Action in six trucking-related crimes – including CDL testing schemes, medical exam fraud, household goods moving fraud and falsification of safety records– has recently been reported by the Department of Transportation’s Office of Inspector General.
Rhode Island trucking co. owners plead guilty to falsifying safety records
Leslie Cucino and Robert Cucino Jr., owners of CDE Corporation and Windsor Hill Hauling and Recycling pleaded guilty June 28 to violating Federal Motor Carrier Safety Administration regulations for their role in falsifying daily vehicle inspection reports (DVIRs).
According to OIG, the Cucinos directed and encouraged their drivers to falsely certify on DVIRs that the trucks they operated had “no defects,” although the drivers knew there were “serious safety defects that were required to be reported.”
OIG adds that the Cucinos also told their employees to document safety deficiencies on separate pieces of paper, rather than in the federally regulated manner.
RI trucking co. owner charged in scheme to defraud FMCSA
Michael Chaves, owner of CAT Transportation, was charged July 24 with bank and wire fraud, falsification of federal records during a federal investigation, aggravated identity theft and tax evasion.
OIG states that Chaves was allegedly involved in a scheme that created checks from unsuspecting third-party vendors and had the checks deposited into CAT-owned bank accounts, then used false documents to secure a bank loan for commercial vehicles.
Chaves is also alleged to have falsified FMCSA registration documents using the identification of another individual without his or her knowledge to hide his affiliation with another company that was under a federal out-of-service order.
Pennsylvania doctor suspended for falsifying DOT medical exam
FMCSA suspended Dr. Michael A. McCormick on July 7 from participation in federal procurement and nonprocurement programs and proposed his debarment.
A former DOT-certified medical examiner, McCormick previously pleaded guilty to making a false statement. On June 5, he was sentenced to three years of probation, a $1,000 fine and a $100 special assessment.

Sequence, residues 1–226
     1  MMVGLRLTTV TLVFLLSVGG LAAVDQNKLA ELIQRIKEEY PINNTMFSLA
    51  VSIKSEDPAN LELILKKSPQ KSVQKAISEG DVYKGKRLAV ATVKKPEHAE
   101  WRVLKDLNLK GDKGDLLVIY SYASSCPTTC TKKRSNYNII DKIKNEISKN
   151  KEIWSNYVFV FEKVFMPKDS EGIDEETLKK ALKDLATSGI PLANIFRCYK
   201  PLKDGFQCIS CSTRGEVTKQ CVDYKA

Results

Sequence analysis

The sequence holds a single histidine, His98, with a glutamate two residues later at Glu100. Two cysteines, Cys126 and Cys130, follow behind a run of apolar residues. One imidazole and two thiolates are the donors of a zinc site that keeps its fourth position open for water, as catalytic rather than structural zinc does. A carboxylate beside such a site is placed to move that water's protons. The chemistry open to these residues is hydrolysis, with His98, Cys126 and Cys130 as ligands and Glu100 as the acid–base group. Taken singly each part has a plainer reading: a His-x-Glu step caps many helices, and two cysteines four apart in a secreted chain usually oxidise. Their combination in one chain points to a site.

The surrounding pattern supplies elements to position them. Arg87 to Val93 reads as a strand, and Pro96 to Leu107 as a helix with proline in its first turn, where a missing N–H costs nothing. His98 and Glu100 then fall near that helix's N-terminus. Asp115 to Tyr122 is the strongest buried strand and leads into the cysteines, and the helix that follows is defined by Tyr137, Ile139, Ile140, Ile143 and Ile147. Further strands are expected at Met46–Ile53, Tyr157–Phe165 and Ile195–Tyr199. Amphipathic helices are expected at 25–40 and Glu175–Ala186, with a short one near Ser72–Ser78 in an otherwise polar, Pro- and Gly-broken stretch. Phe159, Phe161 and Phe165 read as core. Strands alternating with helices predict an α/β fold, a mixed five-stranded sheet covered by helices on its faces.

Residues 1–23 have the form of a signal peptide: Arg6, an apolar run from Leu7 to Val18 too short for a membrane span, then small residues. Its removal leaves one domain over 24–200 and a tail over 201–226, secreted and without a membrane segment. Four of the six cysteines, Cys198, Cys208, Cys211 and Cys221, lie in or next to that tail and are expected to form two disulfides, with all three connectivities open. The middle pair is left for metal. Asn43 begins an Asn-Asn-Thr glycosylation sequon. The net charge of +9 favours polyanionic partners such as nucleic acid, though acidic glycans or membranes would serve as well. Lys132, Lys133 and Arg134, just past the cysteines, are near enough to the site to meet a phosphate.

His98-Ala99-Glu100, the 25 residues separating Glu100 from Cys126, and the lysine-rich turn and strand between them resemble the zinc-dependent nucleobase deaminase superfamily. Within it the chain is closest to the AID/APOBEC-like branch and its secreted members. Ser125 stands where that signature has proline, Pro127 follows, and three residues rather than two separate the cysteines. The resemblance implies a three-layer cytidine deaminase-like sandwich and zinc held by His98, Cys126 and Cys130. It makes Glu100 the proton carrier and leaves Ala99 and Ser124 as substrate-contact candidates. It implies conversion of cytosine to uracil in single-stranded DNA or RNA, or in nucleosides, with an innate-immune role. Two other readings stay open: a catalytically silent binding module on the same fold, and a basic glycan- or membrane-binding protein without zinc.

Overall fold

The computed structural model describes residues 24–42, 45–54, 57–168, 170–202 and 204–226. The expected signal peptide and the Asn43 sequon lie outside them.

OIG says that in April 2017, McCormick told his staff at Express Med Urgent Care to conduct a DOT physical on a patient seeking to drive trucks. The staff members, who were not certified medical examiners, completed a DOT medical exam report and issued a DOT Medical Examiner’s Certificate under McCormick’s name and his National Registry of Certified Medical Examiner’s number.
New Jersey moving company owner pleads guilty to HHG scheme
The owner of a New Jersey-based household goods moving company pleaded guilty to conspiracy to commit wire fraud for his role as an owner and operator in a number of moving companies involved in a HHG moving fraud scheme.
Richard Bishara and his co-conspirators jointly controlled and operated a number of moving companies, which were separate legal entities that shared bank accounts, post office boxes, employees and an office space. OIG says the co-conspirators would quote customers low-ball estimates for moving household goods, then raise prices after the goods were on trucks.
Bishara and the others reportedly created various moving companies and registered them with fictitious owner names and addresses. When customers complained about one company, they would shut it down and create a new one, OIG adds.
Georgia CDL examiner pleads guilty, trucking school owner indicted for falsifying DOT exams
James Welburn, the owner and president of American Truck Driving Academy, was indicted July 17 for his involvement in a CDL testing scheme. OIG says Welburn allegedly gave cash payments to Michael Jordan, a third-party CDL examiner that operated in Columbus, Georgia.
On July 19, Jordan pleaded guilty for his role in the illegal CDL plot.
OIG says that in exchange for cash payments from Welburn, Jordan falsified CDL exams for ATDA students.
The alleged falsifications included altering dates on score sheets to conceal that Jordan conducted exams before students were eligible to be tested, conducting more exams than allowable on a single day, and giving ATDA students preferential treatment on the skills portion of the exam by hand-selecting which test form to use when Jordan knew the test had to be randomized.
Texas DPS employee, others indicted for CDL scheme
Texas Department of Public Safety employee Alonzo Blackman, Fernando Guardado Vasquez and Marino Maury Diaz Leon were indicted for their involvement in a CDL scheme.
According to OIG, between January 2017 and June 2019, Vasquez and Leon paid Blackman to falsely certify that CDL applicants passed the skills portion of the CDL test when those applicants had failed or not taken the test.
Blackman allegedly provided Vasquez and Leon with temporary CDLs for the applicants, and DPS later mailed permanent CDLs to the applicants.